[root@7090d60a8cc9 /]# curl --output pulp_deb-api-curl.json "http://localhost:24817/pulp/api/v3/docs/api.json?bindings&component=deb"
  % Total    % Received % Xferd  Average Speed   Time    Time     Time  Current
                                 Dload  Upload   Total   Spent    Left  Speed
100  496k  100  496k    0     0  1028k      0 --:--:-- --:--:-- --:--:-- 1028k
[root@7090d60a8cc9 /]# pulpcore-manager openapi --component deb --bindings > pulp_deb-api-manager.json
[root@7090d60a8cc9 /]# diff pulp_deb-api-curl.json pulp_deb-api-manager.json
< }
\ No newline at end of file
> }
[root@7090d60a8cc9 /]#

=> Successfull test.

I have also tried adding the new pulpcore-manager approach to our build pipeline. There I was able to use it against a Pulp instance that was installed (from RPMs) but without a DB, DB migrations, or starting any processes. This cut the job run time from about three to about one minute (compared to the running instance approach).

However, it did not fully work, because our build pipeline is still on pulpcore 3.39/Katello 4.11. I believe this is as far as I can take it until we update to pulpcore 4.49/Katello 4.13. From what I have seen I am pretty confident the approach will work once we update.


We identified, that this change is not a breaking change in relation to our deprecation policy, so we are not technically bound to line it up with a breaking change release. Hence there is no need to rush it in to 3.55. But on the other hand, we cannot promise that nothing will change before 3.70 either.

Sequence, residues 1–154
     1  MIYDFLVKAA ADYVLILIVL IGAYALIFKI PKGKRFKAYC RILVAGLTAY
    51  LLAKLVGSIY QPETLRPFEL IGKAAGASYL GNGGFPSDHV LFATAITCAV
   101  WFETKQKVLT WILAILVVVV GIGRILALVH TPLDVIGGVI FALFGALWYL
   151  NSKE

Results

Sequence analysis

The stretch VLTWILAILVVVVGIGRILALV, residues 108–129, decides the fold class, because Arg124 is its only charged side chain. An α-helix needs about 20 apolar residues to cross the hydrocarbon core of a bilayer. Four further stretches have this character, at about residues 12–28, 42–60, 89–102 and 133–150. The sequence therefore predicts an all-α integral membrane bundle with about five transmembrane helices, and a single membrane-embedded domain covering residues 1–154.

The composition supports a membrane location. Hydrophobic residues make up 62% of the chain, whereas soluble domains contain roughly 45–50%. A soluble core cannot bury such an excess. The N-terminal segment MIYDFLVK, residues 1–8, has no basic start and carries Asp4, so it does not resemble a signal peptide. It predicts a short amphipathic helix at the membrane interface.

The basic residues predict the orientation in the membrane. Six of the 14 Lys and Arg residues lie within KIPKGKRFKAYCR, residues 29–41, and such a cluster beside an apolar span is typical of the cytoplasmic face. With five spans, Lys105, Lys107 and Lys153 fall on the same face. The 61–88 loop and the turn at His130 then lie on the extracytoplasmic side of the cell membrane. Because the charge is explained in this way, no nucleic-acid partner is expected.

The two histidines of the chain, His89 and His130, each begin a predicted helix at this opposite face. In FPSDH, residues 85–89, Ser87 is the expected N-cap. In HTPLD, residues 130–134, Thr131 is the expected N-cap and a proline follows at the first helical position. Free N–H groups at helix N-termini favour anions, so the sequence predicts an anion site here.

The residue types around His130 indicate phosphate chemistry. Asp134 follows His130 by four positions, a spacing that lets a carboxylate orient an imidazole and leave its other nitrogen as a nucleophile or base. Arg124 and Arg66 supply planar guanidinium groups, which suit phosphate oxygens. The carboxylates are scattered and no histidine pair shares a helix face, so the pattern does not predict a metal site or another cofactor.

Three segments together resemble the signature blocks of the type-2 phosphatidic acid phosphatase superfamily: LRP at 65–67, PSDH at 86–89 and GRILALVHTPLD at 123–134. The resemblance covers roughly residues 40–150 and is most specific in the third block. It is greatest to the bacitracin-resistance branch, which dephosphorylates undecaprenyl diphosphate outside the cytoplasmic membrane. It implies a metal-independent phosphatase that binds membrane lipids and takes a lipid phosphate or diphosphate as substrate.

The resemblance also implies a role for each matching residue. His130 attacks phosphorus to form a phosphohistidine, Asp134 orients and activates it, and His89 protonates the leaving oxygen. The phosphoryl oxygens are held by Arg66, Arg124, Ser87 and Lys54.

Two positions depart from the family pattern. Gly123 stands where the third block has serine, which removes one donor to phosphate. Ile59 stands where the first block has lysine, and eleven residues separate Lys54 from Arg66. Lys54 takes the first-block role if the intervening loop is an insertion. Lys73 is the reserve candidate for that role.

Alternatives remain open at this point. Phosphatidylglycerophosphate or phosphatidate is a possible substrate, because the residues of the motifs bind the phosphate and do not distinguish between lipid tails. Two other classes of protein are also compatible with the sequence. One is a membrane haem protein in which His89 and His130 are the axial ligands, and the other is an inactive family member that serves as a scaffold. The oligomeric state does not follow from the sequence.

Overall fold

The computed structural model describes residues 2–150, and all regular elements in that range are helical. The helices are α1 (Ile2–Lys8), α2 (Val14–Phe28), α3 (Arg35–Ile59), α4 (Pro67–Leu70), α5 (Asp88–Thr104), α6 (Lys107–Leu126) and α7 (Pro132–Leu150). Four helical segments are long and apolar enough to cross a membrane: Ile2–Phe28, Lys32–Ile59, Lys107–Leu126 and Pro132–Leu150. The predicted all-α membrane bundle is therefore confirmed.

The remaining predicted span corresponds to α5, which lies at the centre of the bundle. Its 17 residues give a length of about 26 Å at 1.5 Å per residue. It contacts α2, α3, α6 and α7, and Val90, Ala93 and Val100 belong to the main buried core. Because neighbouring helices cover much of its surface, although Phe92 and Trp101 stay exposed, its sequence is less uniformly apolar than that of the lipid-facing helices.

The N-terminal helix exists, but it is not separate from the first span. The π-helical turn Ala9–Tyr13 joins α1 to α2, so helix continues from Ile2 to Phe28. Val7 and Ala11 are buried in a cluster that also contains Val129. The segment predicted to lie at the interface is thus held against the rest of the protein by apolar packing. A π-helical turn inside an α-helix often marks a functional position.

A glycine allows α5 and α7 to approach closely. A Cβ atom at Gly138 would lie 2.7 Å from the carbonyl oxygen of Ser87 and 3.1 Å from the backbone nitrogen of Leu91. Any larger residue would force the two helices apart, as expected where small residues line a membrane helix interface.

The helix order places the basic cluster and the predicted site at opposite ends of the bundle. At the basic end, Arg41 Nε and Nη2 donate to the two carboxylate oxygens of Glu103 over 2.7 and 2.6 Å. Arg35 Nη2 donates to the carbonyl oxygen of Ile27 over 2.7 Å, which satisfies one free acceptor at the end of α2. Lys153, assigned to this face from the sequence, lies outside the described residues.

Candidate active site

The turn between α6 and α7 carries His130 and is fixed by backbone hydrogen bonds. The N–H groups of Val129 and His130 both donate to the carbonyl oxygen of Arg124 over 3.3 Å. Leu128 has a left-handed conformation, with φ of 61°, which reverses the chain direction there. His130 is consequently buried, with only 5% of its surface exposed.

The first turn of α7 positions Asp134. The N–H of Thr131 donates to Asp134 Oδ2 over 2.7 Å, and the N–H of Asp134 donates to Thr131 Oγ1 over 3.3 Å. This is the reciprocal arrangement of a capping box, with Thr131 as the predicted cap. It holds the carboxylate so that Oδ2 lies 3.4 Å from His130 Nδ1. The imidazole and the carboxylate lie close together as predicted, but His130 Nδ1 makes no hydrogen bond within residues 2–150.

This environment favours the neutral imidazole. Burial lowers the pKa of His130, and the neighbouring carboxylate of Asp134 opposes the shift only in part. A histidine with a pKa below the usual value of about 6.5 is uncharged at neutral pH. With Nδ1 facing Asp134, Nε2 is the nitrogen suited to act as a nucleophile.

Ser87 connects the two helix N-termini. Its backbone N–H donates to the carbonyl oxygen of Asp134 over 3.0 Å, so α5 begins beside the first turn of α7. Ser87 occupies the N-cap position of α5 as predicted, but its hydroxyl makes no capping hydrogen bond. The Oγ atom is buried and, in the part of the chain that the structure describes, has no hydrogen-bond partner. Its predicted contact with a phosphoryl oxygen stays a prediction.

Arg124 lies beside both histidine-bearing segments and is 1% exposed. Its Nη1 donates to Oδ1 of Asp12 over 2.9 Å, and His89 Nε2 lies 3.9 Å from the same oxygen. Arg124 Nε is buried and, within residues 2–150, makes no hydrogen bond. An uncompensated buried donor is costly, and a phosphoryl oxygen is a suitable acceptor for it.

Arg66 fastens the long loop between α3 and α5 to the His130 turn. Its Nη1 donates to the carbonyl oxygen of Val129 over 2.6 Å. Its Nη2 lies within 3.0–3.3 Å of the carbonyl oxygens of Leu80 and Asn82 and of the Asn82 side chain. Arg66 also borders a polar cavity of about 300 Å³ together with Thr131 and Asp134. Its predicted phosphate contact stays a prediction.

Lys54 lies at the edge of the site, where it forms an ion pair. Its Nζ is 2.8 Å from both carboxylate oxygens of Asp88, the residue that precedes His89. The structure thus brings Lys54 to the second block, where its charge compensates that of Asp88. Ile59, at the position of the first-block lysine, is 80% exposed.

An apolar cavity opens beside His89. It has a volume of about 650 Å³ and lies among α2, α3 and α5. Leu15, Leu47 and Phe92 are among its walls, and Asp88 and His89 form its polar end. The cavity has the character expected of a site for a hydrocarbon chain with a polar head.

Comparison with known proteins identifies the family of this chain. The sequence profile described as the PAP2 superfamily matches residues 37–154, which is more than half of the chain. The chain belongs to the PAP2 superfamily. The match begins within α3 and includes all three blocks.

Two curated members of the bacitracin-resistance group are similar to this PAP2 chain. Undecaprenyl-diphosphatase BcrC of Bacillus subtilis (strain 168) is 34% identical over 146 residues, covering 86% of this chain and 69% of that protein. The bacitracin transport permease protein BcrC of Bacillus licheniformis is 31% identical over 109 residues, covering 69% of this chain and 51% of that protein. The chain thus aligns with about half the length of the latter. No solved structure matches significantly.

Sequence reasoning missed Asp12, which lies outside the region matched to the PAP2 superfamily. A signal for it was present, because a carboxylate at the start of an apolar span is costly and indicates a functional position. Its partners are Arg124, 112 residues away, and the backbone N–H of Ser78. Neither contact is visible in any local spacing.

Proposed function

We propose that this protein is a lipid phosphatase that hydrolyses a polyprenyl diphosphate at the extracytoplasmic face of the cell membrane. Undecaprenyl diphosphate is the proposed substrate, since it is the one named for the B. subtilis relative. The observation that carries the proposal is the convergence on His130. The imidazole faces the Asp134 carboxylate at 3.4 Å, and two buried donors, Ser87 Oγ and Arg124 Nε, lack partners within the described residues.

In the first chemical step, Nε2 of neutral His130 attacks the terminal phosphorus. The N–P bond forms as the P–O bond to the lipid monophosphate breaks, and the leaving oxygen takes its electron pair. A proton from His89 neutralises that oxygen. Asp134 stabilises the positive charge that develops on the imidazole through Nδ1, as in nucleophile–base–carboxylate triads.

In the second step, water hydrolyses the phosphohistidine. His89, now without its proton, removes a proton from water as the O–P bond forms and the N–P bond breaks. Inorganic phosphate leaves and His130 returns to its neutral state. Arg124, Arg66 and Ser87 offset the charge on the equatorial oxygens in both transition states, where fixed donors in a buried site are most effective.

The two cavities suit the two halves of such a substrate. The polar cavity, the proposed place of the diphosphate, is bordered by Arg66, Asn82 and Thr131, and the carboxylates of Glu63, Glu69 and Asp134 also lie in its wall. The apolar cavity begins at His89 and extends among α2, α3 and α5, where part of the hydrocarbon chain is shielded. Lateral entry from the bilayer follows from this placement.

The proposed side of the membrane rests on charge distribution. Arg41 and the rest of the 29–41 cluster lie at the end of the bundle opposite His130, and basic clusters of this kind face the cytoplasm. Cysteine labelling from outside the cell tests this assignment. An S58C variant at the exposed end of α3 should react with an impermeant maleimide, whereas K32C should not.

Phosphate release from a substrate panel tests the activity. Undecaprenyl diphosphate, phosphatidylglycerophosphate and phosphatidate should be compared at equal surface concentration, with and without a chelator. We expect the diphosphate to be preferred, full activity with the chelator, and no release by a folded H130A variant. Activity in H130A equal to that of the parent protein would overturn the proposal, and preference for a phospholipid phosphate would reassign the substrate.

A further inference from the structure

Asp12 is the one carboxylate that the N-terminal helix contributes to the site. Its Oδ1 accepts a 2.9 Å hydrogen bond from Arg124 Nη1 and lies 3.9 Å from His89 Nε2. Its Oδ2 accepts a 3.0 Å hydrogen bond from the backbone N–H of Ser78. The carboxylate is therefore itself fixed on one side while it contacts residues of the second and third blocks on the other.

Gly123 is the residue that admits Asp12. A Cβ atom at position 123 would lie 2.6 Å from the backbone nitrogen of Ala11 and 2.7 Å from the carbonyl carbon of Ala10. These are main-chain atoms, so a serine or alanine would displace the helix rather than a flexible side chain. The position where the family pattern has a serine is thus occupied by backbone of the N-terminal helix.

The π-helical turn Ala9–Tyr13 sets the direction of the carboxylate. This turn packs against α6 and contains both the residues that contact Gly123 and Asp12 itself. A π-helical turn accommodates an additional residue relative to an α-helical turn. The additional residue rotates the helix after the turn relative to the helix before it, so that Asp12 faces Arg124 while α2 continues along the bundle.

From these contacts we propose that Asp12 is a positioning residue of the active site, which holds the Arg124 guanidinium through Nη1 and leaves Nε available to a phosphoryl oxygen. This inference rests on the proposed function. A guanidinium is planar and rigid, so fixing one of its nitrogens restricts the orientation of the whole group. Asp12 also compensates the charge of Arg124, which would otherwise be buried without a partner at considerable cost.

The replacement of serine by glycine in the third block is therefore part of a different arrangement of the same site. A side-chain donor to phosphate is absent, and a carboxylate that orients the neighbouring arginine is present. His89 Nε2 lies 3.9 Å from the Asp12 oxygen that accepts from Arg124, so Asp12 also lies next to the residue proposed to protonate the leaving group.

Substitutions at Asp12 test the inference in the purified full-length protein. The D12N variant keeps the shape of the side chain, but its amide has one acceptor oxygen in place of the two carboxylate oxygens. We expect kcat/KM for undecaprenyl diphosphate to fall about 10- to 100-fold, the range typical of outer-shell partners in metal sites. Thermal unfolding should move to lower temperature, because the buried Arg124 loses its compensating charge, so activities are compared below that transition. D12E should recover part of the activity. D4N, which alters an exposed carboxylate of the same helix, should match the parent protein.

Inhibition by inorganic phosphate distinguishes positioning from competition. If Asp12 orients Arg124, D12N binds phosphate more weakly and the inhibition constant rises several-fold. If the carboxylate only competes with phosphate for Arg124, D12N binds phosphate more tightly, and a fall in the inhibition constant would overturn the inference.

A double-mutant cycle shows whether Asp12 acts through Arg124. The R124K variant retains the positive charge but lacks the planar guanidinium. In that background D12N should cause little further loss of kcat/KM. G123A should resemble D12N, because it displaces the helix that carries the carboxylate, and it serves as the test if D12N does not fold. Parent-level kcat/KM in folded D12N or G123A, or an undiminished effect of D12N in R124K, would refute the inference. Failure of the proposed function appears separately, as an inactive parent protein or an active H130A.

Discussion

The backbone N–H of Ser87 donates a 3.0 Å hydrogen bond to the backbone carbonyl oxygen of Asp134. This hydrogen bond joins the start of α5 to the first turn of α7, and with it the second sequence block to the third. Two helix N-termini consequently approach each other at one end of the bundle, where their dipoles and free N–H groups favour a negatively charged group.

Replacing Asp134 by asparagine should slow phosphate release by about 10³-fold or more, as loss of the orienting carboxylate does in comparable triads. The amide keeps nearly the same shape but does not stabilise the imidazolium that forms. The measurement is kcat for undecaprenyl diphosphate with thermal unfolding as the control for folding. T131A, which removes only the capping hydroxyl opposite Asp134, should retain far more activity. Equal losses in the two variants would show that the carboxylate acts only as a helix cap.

So please tell me if the new openapi command (about to be released now) will fit into your packaging and deploy pipelines.
@quba42 , I take this as a yes already.

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We released the pulpcore-manager openapi command on all the supported branches.
Also there is a new gen-client.sh in pulp-openapi-generator script that ingests a provided api spec instead of trying to download it.
Building the bindings should be like this now:

# setup packages in a (fresh) virtual environment
cd .../pulp-openapi-generator
workon pulp_clients
pip install pulpcore

# Generate pulp_file-client wheel
pulpcore-manager openapi --bindings --component "file" > "file-api.json"
./gen-client.sh "file-api.json" "file" python "pulp_file"
pushd "${PACKAGE}-client"
  python setup.py sdist bdist_wheel --python-tag py3

Please tell us about your experience.

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Just to be clear, “all supported branches” means the following pulpcore versions: 3.21, 3.22, 3.28, 3.39, 3.49.


…and everything starting from 3.55

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I think we have one of the anticipated issues in the wild now: